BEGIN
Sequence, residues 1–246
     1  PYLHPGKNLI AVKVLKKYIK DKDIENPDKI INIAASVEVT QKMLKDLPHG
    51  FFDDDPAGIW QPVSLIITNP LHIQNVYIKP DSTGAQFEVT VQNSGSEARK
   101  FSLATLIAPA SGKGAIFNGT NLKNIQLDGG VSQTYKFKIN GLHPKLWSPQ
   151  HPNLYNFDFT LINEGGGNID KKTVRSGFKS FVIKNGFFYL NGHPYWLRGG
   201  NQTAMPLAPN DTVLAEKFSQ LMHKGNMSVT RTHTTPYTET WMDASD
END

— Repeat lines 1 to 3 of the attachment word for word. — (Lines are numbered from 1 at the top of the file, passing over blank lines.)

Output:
Sequence, residues 1–246
     1  PYLHPGKNLI AVKVLKKYIK DKDIENPDKI INIAASVEVT QKMLKDLPHG
    51  FFDDDPAGIW QPVSLIITNP LHIQNVYIKP DSTGAQFEVT VQNSGSEARK